Idaho Girl Leaves Hospital

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Eight-year-old Shasta Groene is out of the hospital — five days after she was found at a restaurant with the man who allegedly abducted her, and whom authorities suspect killed four of her family members.

The girl was released from Kootenai Medical Center to her father, Steve Groene (search), and is doing well, Kootenai County sheriff's Capt. Ben Wolfinger said. He would not say when she was released.

With her mother and an older brother slain, another brother likely dead — and traumatized herself by nearly seven weeks of captivity with a convicted sex offender — Shasta faces life with different family members and the psychological fallout from her ordeal.

Wolfinger said he had no information on what Shasta's follow-up treatment would entail.

She is believed to be the sole survivor among the five people in her home the night authorities allege Joseph Edward Duncan III (search) appeared and bound the older family members.

Shasta's 13-year-old brother Slade, her mother, Brenda, and her mother's boyfriend, Mark McKenzie, were beaten to death. Their bodies were found May 16.

Her 9-year-old brother, Dylan, was abducted with Shasta and is believed dead. Remains found at a remote western Montana campsite are being analyzed for positive identification.

Duncan is charged with two counts of first-degree kidnapping, and authorities have said they believe he was responsible for the attacks on the family. Sheriff Rocky Watson said he believes the motive was to acquire the children for sex.

Deputy county prosecutor Lansing Haynes said Thursday no additional charges are likely to be filed this week against Duncan, who is being held without bail.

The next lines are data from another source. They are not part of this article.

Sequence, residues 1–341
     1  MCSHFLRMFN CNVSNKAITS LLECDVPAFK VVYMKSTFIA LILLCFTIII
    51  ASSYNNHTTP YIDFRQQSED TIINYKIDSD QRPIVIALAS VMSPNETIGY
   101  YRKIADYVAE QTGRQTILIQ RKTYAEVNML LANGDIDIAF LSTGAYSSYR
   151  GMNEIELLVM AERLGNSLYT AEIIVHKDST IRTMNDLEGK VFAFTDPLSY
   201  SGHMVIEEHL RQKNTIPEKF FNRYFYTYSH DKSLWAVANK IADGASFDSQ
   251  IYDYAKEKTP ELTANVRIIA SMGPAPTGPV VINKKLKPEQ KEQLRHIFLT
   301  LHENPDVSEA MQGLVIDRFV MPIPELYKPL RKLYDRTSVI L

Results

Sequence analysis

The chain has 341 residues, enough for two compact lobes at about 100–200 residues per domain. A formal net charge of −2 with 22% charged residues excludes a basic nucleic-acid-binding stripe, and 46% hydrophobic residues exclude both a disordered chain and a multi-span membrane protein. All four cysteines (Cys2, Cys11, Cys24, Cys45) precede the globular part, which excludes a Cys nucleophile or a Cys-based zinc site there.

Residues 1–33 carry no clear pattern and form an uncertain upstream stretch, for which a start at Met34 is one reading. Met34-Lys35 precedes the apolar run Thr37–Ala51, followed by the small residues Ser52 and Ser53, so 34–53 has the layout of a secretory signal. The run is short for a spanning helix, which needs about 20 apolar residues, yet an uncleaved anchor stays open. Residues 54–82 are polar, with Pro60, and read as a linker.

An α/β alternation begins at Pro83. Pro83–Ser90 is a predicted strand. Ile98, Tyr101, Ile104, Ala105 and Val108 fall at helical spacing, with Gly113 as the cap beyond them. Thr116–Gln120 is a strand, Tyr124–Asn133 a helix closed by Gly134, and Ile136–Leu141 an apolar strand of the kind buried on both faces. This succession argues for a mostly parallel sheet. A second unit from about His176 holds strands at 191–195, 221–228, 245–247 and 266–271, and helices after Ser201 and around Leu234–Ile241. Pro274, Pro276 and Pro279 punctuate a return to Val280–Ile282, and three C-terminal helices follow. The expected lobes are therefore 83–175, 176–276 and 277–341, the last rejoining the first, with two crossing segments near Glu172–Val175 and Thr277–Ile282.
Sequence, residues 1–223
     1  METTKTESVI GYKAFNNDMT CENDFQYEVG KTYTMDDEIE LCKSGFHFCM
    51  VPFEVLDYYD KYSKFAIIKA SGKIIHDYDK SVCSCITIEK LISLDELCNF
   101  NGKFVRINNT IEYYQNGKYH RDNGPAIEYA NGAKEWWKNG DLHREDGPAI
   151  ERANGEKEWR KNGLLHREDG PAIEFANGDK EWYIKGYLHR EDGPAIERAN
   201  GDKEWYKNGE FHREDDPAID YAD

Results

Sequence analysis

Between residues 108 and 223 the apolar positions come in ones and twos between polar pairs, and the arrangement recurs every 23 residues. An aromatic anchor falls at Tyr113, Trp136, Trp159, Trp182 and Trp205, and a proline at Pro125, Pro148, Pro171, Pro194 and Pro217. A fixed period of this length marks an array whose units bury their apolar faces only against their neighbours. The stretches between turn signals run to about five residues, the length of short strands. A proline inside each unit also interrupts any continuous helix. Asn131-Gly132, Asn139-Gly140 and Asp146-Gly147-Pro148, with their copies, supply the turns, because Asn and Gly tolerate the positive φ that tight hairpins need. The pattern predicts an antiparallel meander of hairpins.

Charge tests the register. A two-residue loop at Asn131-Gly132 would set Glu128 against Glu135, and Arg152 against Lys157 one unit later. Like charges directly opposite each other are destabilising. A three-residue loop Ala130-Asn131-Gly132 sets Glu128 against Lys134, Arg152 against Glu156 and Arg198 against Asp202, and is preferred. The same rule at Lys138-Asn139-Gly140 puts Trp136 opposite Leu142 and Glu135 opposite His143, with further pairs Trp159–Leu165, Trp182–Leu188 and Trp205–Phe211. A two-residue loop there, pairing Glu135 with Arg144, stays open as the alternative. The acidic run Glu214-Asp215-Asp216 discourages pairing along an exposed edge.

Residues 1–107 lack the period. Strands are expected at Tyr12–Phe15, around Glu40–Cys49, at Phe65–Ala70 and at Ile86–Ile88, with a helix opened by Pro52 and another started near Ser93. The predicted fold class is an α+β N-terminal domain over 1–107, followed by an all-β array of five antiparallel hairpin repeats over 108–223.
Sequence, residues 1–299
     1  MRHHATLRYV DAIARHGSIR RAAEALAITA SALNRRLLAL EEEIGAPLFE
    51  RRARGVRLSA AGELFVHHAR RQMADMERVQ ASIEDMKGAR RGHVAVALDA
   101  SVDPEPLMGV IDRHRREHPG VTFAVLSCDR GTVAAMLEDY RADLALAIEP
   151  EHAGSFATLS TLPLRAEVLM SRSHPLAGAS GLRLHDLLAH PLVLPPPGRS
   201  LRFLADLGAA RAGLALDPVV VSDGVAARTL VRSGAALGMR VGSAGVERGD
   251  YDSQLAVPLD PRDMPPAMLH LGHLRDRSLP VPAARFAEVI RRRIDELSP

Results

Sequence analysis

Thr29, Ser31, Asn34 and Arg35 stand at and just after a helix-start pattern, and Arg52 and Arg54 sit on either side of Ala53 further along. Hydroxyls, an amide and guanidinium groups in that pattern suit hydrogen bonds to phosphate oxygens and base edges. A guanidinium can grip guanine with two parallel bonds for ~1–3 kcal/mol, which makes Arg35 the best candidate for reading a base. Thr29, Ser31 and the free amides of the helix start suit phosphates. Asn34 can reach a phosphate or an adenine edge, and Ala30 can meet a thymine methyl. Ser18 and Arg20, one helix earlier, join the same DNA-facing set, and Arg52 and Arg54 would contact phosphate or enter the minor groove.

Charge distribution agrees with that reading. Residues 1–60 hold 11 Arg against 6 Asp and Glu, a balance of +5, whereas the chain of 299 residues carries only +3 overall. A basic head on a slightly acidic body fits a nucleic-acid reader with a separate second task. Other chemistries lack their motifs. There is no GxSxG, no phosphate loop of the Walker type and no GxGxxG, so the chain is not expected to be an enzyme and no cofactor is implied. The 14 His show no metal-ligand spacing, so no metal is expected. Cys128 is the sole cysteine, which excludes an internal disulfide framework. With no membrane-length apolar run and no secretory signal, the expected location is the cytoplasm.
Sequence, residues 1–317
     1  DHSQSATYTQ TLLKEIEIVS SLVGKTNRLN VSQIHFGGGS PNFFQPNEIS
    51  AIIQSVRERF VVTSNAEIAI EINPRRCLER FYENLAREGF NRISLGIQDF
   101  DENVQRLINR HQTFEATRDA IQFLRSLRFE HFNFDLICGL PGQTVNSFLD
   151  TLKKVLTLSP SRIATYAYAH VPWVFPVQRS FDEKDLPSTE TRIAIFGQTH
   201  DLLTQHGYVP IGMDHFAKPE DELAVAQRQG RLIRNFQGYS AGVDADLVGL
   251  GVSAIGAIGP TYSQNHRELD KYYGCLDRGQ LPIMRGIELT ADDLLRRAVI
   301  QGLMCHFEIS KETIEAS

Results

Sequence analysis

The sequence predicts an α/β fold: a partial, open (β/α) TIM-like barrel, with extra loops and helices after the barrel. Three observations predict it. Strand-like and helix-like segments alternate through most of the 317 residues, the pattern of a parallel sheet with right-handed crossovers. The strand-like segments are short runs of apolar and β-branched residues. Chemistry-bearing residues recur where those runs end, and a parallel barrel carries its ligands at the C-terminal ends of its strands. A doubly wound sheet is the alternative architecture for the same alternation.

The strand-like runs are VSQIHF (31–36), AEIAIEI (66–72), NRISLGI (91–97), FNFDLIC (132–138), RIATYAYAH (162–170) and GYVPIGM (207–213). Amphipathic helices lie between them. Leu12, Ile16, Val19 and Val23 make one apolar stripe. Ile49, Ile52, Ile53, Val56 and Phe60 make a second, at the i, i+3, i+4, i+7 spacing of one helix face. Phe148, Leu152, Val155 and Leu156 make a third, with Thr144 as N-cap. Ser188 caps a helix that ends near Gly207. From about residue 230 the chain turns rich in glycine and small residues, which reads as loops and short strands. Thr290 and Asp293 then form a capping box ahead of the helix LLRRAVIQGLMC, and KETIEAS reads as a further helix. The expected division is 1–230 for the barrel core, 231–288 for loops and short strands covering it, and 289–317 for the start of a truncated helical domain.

Public defender Lynn Nelson did not return a call for comment Thursday.

Kidnapping in Idaho can carry the death penalty; authorities do not have to make a formal decision whether to pursue that penalty until 30 days after a plea is entered in the case.

Duncan, 42, a convicted sex offender in Washington state who lived most recently in Fargo, N.D., was on the run from an earlier child molestation charge when he was arrested Saturday at a Denny's restaurant. Shasta was with him.

His public defender, Lynn Nelson, did not return calls Thursday.

On Wednesday, Shasta's father said she was doing very well. "Certainly more than we could hope for," he said. "She's very upbeat, she's pretty healthy, she's glad to be home."

Groene, 48, said after leaving the hospital that Shasta would benefit from a large extended family. "This is all so incomprehensible," he said. "It will take quite a lot of time for us to even realize what happened here."

Law enforcement officials carefully questioned the little girl while she was in the hospital, and say she described the night of her abduction, helped them pinpoint the Montana campsites where she and Dylan were kept, and told them Duncan was the only person involved.

Mental health experts caution the ordeal is bound to have lasting impacts.

"She has witnessed horrible things," said Dr. Paul Domitor, a Spokane, Wash., psychiatrist. "These things will stay with her."